(Of course, if it’s IU gameday, having a demon gorge on your soul is probably preferably to watching the game anyway.)

So we’re stuck in subzero temperatures in a soaking wet car, trying to figure out how to get the dryer to work.  My friend eases the car into reverse and tries to trip the sensor again, figuring he’s probably missed it.

And then the car-crypt closes shut.

So now, not only will the dryer not work, but we’re locked in the carwash.  The exit door has closed.  And the scrubbers are warming up again.  We appear to be destined to loop endlessly in carwash purgatory.  Like some time travel conundrum.  Only not that at all, and in a transparent carwash where our plight is public spectacle.

We try honking to get the attention of someone nearby, namely the police car parked directly outside, but it’s no use.  Everyone would prefer gawk.  Why?  Because studies show that people suck.  Hardcore.

At some point, it’s apparent that someone will have to get out of the car and attempt to manually…I don’t know, do something.  At all points, as the mist begins to build from the infant wash cycle, it’s apparent that that person is not me.  Because I am a total, unabashed coward.

What can I say?  My favorite hobbies include reading, writing, playing soccer, playing Risk and not drowning in a sea of (free!) subzero carwash foam.  I’m not extraordinarily adventurous.  I don’t take a lot of risks.  I don’t even take a lot of risks in the game of Risk.  I usually just squat on South America or Australia, build my armies forever and don’t attack anyone.  Yeah, I’m the reason you’re falling asleep over the board at 2:00 a.m.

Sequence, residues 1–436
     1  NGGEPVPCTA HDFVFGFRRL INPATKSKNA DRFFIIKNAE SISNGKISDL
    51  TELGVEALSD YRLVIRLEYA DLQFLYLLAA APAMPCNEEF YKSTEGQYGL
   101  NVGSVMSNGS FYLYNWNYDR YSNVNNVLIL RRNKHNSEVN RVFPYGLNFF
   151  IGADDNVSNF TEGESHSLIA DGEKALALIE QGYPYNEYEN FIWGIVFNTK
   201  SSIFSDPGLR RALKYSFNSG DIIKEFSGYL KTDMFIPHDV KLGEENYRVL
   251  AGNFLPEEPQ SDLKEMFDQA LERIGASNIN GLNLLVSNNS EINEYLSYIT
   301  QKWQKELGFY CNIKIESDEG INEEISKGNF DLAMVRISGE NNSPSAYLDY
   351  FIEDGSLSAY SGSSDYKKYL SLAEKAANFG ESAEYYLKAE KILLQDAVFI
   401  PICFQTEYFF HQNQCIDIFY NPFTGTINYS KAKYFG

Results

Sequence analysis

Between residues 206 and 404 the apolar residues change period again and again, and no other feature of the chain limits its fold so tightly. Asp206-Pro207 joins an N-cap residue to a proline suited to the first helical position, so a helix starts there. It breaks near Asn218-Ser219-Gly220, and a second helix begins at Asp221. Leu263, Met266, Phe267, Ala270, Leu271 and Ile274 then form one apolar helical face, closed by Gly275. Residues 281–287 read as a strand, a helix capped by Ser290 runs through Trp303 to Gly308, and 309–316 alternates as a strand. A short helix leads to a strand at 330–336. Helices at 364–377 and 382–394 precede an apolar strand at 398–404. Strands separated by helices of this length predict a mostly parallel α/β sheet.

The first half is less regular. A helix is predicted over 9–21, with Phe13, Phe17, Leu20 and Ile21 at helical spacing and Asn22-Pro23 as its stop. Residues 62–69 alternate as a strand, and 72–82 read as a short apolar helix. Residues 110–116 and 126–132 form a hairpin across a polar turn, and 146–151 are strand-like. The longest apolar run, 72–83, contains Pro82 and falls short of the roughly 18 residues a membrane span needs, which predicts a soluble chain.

Thankfully, though, my friend is not paralyzed by inaction.  Like the hybridized offspring of a kraken and a mermaid, he braves the battering rains of The Works Plus to seek out an emergency release lever for the exit door and, shrugging, engages it.  Trust me, it would have made an awesome Marines commercial.

The door opens.  Glorious sun, the soothing rays of victory come pouring in.  Wait, no.  I got that description wrong.  Indiana winter comes pouring in.  The exterior of the car seems to start taking notice as we drive away.

So by the time we reach my house, naturally, all of the undried doors — which are, coincidentally, all of the doors — are frozen shut.  Great.  Substituting on icy, windowed tomb for another.  At least my grave has a nice music library, I figure.  But after enough work and a few inexplicable nosebleeds, we’re able to force the doors open.

The next night, Tony Todd shows up at soccer practice, which I think is odd because usually he only shows up at my gymnastics lessons.  Not that I ever took gymnastics, I mean.  At age 10.  At Danna Mannix.  With trainer John Green.  He goes on to explain how I’ve cheated death, and it will come to reclaim me.

A long succession of improbable events and unfortunate accidents ensue.  In 3D.

The end.